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Non Steroidal Anti Inflammatory Drugs

NSAIDS

Lecturer: Mahamoud Garaad


INFLAMMATION

• Inflammation (Latin, inflamatio, to set on fire) is


the complex biological response of vascular
tissues to harmful stimuli, such as pathogens,
damaged cells, or irritants.

• It is a protective attempt by the organism to


remove the injurious stimuli as well as initiate
the healing process for the tissue.
CAUSES
• Burns
• Chemical irritants
• Frostbite
• Toxins
• Infection by pathogens
• Physical injury
• Immune reactions due to hypersensitivity
• Radiation
• Foreign bodies
The classic signs and symptoms
of acute
inflammation

English Latin
Redness Rubor*
Swelling Tumor/Turgor*
Heat Calor*
Pain Dolor*
Loss of Functio laesa
function **
Process of
Inflammation
• Inflammation can be classified as either acute or chronic.
• The initial phase of cell injury is known as the acute
phase and is mediated by several autacoids like :
– Histamine
– 5-HT
– Bradykinin
– Prostaglandins

• When a tissue is injured, from any cause,


prostaglandin synthesis in that tissue increases.
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Membrane phospholipids
Cosrticosteroids
Phospholipase
Arachidonic acid

Lipoxygenase COX NSAIDS

Leukotienes Prostaglandins Thromboxane Prostacyclin

Prostanoids
Synthesis of Prostaglandins
Cyclo-oxygenase (COX)
pathway
Membrane Phospholipids
Phospholipase A2

Arachidonic Acid

COX

Prostaglandins
Thromboxanes
Prostacyclin
NSAID
s
• Among the most widely used all therapeutic agents
world wide

• They are frequently prescribed for ‘rheumatic’


musculo-skeletal complaints and are often taken
without prescription for minor aches and pains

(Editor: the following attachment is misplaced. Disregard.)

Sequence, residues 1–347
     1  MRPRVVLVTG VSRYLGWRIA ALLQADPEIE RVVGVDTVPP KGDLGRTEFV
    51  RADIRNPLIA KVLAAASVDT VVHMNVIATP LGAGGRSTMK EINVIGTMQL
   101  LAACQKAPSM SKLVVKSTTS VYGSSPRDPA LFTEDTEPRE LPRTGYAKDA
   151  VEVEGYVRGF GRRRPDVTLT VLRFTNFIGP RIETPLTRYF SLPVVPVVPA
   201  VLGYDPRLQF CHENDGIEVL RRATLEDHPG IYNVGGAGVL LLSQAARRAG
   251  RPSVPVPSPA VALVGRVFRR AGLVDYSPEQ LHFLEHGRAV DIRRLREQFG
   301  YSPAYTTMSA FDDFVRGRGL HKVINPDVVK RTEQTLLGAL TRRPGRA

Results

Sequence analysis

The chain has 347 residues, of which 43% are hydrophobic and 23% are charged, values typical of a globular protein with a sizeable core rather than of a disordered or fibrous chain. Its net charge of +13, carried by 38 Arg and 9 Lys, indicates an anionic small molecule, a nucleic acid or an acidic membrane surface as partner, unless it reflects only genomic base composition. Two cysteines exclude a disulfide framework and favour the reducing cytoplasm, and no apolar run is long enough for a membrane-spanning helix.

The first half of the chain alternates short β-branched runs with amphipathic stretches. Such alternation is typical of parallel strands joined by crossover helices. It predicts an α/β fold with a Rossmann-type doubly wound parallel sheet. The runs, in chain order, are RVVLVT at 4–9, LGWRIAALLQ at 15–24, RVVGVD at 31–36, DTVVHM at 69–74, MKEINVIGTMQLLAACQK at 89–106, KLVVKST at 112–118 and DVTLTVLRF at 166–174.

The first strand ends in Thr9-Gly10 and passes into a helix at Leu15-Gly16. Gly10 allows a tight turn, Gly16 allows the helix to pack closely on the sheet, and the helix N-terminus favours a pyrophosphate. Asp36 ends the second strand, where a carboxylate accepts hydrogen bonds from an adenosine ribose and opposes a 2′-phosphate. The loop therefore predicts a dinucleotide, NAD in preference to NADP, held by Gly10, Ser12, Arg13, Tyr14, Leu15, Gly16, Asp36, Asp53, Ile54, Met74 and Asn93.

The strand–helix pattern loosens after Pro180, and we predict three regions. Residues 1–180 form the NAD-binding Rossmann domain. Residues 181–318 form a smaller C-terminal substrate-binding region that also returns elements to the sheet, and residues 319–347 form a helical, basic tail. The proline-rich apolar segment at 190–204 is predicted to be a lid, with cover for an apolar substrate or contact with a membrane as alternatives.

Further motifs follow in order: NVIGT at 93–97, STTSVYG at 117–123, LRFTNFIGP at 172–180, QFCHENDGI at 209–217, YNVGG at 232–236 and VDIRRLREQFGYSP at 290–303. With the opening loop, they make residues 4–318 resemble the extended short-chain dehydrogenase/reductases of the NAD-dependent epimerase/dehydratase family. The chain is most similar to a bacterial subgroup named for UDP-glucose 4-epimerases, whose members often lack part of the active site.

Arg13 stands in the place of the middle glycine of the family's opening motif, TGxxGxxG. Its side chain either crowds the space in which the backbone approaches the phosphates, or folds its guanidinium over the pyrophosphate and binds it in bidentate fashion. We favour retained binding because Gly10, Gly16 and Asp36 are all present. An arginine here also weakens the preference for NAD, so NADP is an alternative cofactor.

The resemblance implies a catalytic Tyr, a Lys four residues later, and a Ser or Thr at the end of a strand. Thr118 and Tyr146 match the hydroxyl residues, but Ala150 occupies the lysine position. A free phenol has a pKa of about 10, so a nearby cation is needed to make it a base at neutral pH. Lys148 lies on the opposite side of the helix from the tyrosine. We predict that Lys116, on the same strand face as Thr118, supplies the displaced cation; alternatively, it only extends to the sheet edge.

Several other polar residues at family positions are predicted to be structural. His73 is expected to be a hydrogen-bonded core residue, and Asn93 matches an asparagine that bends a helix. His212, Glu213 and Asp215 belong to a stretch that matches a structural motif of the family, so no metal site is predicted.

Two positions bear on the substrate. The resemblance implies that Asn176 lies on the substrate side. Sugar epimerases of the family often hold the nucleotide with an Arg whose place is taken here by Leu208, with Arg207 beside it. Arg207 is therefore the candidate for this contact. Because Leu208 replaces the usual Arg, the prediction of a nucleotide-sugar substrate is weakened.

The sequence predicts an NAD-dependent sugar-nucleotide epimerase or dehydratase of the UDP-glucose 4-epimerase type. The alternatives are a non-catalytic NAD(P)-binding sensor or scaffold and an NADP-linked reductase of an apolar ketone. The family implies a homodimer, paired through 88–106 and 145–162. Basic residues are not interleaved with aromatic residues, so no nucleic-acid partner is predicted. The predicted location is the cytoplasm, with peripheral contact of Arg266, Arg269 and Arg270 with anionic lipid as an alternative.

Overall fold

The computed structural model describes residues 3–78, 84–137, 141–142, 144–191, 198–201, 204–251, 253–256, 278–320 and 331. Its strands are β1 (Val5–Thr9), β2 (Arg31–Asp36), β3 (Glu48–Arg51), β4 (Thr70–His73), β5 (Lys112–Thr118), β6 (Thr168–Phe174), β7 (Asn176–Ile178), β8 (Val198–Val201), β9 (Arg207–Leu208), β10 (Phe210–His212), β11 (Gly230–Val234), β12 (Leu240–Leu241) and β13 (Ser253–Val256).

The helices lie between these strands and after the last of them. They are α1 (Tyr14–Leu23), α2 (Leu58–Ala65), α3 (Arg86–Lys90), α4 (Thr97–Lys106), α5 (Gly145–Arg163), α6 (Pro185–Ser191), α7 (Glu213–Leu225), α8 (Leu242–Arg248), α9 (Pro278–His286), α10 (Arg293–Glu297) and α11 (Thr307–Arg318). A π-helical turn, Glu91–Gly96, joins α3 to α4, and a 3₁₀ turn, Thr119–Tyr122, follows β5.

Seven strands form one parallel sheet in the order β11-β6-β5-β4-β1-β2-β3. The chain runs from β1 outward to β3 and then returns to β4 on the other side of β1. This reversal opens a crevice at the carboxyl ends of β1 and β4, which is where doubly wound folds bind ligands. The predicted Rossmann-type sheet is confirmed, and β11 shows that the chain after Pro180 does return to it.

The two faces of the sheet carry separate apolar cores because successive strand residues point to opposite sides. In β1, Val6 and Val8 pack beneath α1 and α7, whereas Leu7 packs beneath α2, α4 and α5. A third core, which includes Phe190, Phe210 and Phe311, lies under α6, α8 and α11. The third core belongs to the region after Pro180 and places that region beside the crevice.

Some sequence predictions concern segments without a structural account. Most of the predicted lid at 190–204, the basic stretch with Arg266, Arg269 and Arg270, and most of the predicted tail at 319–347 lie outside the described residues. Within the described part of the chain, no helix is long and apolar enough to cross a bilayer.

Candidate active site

• More than 50 different NSAIDs on the market.


NSAID
s
• Analgesic
• Antipyretic
• Anti-inflammatory actions
• Compared to Morphine:
– Weaker analgesics
– Do not depress CNS
– Do not produce physical
dependence
– No abuse liability
NSAID
s
• They are also called:
– Non narcotic
– Non opioid
– Aspirin like analgesics
• They act primarily on peripheral pain
mechanisms but also in CNS to raise
pain threshold
• These drugs are chemically diverse, but
most are organic acids.
Common characteristics of all
NSAIDs

• Non of these steroid


• All are analgesic, antipyretic, anti-
inflammatory (expect paracetamol)
• Do not produce CNS, RS depression.
• Dose dependent uricosuric action.
• Act by inhibition of PGs except
Nimesulide, Nefopam
Classificati
on
Non selective COX inhibitors:
1. Salicylates Aspirin, Diflunisal
2. Pyrazolone derivatives
Phenylbutazone
,

Oxyphenbutazo
ne
3. Indole derivatives Indomethacin, Sulindac
4. Propianic acid Ibuprofen, Naproxen,
derivatives Ketoprofen, Flurbiprofen
5. Anthranilic acid Mephenamic acid
8. Oxicam derivatives
derivatives Piroxicam,
Tenoxicam.
6. Aryl-acetic acid Diclofenac
derivatives
Classificati
on
Preferential COX-2 inhibitors:
Nimesulide, Meloxicam, Nabumatone

Selective COX-2 inhibitors


Celecoxib, Rofecoxib, Valdecoxib

Analgesic –Antipyretics with poor Anti inflammatory action


Para amino phenol derivatives Paracetamol (Acetaminophen)
Pyrazolone derivatives Metamizol (Dypirone),
Propifenazone
Benzoxazocine derivative Nefopam
Non selective COX inhibitors:
Salicylates Aspirin, Diflunisal
Pyrazolone derivatives Phenylbutazone
,
Oxyphenbutazo
ne
Indole derivatives Indomethacin, Sulindac
Propianic acid derivatives Ibuprofen, Naproxen,
Ketoprofen, Flurbiprofen
Anthranilic acid derivatives Mephenamic acid
Aryl-acetic acid derivatives Dicofenac
Pyrrolo-pyrrolo derivative Ketorolac

Piroxicam, Tenoxicam.
Oxicam derivatives
Mechanism of
action
• When a tissue is injured, from any cause,
prostaglandin synthesis in that tissue increases.

• PGs have TWO major actions:

• They are mediators of inflammation


• They also sensitize pain receptors at the nerve
endings, lowering their threshold of response
to stimuli and allowing the other
mediators of inflammation
Synthesis of
Prostaglandins Cyclo-
oxygenase (COX) pathway

Membrane Phospholipids
Phospholipase A2

Arachidonic Acid

NSAIDs COX

Prostaglandins
Thromboxanes
Prostacyclin
COX

 Cyclooxygenase (COX) is found bound to the endoplasmatic


reticulum. It exists in 3 isoforms:
COX-1 (constitutive) acts in physiological conditions.
COX-2 (inducible) is induced in inflammatory cells by